Senator Kamala Harris Says She’ll Support a Single-Payer Health Care Bill

This makes her the first senator to publicly support Sen. Bernie Sanders’ anticipated proposal.

Kamala Harris speaks with reporters following a town hall in Oakland, California. Matt Tinoco

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Senator Kamala Harris said on Wednesday that she will co-sponsor Sen. Bernie Sanders’ anticipated single-payer health care bill. This makes Harris the first Senator to publicly announce support for the Medicare-for-all bill, which Sanders has said he’ll introduce in September. 

“Well, here, I’ll break some news: I intend to co-sponsor the Medicare-for-all bill because it’s just the right thing to do,” Harris said at the afternoon town hall in her native Oakland, California, prompting the colorful and lively crowd of several hundred to break out in resounding applause. “Somebody should tell my staff,” she finished, laughing lightly.

It’s unclear exactly what Sanders plans to include in the bill, but he’s said his intention is to create a single-payer system by expanding Medicare to everyone. Though Harris is the first senator to formally announce support for Sanders’ bill, several Democratic legislators have expressed support for the idea in recent months.

After the town hall formally concluded on Wednesday, Harris, the former California attorney general, stuck around the Beebe Memorial Cathedral for nearly an hour, speaking individually with several members of the audience and taking selfies when asked. 

“I think there’s no question that we have to get to a point where all people have access to affordable health care,” she said to a few reporters and town hall stragglers while the crowd dissipated. “As we talk about moving towards a single-payer system, I think there is certainly momentum and energy around it. When I get back to DC I’ll have a better idea of where [other senators] are now that they’ve been home.”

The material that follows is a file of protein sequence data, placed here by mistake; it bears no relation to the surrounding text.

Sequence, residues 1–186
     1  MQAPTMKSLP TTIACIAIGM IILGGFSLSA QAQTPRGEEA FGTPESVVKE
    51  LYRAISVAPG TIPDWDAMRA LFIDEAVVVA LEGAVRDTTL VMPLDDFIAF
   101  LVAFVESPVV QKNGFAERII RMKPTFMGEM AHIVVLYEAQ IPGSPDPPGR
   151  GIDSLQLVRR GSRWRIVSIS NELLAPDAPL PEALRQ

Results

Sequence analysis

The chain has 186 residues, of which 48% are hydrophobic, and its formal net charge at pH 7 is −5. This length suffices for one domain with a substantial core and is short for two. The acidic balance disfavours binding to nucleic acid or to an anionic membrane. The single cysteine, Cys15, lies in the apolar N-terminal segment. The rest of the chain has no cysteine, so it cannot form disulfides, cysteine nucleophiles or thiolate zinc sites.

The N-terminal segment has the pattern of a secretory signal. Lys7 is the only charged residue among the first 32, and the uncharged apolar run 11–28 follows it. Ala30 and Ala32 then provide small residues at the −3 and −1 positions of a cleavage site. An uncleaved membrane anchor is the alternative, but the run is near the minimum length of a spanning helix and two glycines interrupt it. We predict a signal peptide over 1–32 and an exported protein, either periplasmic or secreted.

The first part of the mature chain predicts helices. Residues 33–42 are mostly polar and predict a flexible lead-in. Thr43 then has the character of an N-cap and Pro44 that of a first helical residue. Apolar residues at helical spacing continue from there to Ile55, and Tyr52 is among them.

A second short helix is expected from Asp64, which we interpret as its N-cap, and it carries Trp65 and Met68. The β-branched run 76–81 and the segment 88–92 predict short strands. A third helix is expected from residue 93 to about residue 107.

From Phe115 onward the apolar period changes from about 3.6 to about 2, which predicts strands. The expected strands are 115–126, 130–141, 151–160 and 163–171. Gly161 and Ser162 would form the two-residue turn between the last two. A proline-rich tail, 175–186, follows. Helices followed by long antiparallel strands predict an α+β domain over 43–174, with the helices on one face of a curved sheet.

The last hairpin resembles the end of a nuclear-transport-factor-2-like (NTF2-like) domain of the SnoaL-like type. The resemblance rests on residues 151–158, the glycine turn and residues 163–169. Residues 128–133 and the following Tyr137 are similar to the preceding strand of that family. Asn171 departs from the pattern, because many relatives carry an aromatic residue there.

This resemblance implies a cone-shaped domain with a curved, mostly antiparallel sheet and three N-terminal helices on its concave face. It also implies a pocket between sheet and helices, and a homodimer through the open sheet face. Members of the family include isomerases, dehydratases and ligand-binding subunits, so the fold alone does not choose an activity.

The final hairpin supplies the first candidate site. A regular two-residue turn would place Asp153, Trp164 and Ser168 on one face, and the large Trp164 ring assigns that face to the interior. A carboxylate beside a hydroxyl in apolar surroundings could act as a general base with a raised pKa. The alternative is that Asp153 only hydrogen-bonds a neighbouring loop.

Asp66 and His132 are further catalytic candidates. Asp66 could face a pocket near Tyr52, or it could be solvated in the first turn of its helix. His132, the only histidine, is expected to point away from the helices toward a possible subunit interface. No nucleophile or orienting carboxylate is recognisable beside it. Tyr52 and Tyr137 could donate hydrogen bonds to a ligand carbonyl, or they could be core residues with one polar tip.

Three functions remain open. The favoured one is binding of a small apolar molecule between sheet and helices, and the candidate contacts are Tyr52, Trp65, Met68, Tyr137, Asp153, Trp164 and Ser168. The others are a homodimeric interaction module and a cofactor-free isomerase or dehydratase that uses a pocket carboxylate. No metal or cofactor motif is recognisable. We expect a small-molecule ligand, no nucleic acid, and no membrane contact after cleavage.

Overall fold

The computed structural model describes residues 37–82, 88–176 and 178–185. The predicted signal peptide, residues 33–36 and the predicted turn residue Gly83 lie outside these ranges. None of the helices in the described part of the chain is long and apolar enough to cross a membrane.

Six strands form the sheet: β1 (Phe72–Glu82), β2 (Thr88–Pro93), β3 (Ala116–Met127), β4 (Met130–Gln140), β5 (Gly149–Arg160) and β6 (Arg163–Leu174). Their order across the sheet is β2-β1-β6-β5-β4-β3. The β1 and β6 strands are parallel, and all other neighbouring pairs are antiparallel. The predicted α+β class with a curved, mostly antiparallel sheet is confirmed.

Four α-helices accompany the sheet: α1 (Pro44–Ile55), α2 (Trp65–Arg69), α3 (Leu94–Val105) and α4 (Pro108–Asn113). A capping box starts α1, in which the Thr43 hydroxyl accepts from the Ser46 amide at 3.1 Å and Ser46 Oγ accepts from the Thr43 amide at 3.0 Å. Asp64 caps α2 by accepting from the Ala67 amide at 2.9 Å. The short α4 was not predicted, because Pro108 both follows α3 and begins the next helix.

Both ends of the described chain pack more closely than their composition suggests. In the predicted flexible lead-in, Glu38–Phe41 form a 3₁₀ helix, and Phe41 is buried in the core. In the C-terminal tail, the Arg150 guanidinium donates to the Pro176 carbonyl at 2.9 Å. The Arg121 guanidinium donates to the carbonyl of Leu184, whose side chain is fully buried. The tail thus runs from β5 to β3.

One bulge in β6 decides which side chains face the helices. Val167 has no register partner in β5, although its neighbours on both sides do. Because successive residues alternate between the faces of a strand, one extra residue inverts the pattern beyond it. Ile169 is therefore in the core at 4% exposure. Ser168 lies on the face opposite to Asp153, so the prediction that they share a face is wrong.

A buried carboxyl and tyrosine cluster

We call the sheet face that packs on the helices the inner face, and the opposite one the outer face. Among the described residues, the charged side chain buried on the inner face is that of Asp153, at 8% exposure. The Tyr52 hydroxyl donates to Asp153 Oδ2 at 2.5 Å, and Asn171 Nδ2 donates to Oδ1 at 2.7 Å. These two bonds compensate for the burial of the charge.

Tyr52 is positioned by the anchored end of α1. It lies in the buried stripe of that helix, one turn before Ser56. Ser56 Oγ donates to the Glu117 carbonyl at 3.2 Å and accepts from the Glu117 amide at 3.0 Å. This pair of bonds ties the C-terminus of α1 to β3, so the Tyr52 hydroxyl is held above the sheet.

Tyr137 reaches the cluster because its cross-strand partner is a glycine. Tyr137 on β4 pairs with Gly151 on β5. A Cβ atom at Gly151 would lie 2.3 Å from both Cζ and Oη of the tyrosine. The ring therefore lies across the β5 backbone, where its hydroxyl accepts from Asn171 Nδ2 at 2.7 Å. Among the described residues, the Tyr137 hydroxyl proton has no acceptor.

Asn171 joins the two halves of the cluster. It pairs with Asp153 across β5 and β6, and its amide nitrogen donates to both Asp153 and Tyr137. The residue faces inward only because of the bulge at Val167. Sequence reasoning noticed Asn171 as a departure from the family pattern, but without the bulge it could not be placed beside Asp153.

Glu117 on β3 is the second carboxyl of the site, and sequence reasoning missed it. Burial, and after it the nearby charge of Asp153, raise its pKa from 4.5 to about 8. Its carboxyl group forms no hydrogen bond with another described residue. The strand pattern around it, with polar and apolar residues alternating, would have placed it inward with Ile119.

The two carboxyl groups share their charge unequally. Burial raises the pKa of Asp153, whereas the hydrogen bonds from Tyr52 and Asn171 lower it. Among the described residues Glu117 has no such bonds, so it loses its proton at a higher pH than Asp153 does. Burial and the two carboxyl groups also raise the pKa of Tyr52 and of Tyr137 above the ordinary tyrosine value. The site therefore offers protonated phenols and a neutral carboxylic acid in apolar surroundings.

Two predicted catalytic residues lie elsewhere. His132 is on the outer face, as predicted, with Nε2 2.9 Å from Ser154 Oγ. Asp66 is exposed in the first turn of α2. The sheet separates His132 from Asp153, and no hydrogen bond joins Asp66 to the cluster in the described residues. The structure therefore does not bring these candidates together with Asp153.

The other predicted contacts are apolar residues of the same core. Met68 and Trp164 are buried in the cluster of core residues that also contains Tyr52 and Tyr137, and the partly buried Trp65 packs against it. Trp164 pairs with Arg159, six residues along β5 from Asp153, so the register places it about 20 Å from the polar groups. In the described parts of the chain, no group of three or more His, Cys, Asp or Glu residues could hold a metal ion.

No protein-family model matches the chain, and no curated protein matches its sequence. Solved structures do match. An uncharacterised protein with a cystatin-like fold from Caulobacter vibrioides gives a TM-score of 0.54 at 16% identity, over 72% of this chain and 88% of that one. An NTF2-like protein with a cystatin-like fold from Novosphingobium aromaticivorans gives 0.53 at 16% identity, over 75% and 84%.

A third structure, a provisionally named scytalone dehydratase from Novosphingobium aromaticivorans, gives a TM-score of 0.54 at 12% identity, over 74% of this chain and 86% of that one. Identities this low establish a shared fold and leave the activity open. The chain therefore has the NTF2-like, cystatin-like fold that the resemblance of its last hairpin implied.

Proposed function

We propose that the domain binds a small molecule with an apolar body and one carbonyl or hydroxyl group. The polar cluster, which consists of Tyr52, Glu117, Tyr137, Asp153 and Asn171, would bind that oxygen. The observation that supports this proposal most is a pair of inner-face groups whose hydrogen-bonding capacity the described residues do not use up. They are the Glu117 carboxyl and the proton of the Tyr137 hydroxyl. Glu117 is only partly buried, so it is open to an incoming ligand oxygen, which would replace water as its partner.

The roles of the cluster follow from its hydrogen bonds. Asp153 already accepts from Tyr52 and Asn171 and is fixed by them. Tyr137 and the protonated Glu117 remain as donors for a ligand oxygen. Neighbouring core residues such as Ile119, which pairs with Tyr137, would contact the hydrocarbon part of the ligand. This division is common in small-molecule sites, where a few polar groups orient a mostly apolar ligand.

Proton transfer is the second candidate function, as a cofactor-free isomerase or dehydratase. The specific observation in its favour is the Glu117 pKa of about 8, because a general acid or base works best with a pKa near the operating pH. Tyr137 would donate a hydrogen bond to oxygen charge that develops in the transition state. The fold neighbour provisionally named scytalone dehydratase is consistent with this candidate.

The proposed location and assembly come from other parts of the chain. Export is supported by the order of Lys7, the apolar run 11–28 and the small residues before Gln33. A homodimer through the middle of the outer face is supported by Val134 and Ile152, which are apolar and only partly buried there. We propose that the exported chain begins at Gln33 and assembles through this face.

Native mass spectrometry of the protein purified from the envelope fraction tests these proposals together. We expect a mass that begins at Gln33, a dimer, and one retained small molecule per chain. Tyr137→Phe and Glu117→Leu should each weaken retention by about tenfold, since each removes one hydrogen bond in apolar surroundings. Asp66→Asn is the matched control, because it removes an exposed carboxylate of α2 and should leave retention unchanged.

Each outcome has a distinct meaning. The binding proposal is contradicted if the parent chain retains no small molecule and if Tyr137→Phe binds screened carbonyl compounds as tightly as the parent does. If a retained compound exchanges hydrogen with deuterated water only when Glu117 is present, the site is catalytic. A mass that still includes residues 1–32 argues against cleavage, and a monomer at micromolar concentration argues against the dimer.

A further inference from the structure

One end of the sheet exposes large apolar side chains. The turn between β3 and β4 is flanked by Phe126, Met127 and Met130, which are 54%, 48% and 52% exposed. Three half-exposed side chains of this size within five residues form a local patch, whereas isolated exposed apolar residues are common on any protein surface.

Sanders himself has said he “has no illusions” that a single-payer health care bill will pass under the current Congress. But Harris expressed optimism that the defeat of the Obamacare repeal attempts was a galvanizing moment for Americans across party lines. 

“The recent history on the issue of health care is very telling,” she said. “Americans are making it very clear, when they defeated the repeal of ACA, that they don’t want us playing politics with their health care. They’ve made it very clear that this is not an issue they identify with through their party affiliation. That’s very promising.”

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You expect the big picture, and it's our job at Mother Jones to give it to you. And right now, so many of the troubles we face are the making not of a virus, but of the quest for profit, political or economic (and not just from the man in the White House who could have offered leadership and comfort but instead gave us bleach).

In "News Is Just Like Waste Management," we unpack what the coronavirus crisis has meant for journalism, including Mother Jones’, and how we can rise to the challenge. If you're able to, this is a critical moment to support our nonprofit journalism with a donation: We've scoured our budget and made the cuts we can without impairing our mission, and we hope to raise $400,000 from our community of online readers to help keep our big reporting projects going because this extraordinary pandemic-plus-election year is no time to pull back.

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